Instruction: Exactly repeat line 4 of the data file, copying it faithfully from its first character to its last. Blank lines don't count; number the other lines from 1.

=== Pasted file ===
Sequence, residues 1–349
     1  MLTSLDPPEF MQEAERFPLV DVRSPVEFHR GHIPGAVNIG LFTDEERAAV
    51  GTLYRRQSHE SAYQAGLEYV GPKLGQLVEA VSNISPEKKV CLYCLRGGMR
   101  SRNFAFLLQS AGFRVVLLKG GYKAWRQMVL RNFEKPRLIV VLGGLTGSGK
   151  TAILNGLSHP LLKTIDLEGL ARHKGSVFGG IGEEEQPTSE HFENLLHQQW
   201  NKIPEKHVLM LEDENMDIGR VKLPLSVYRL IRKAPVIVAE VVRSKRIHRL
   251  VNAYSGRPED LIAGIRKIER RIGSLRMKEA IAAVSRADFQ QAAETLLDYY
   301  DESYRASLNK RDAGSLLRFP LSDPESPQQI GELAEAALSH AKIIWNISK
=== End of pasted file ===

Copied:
   101  SRNFAFLLQS AGFRVVLLKG GYKAWRQMVL RNFEKPRLIV VLGGLTGSGK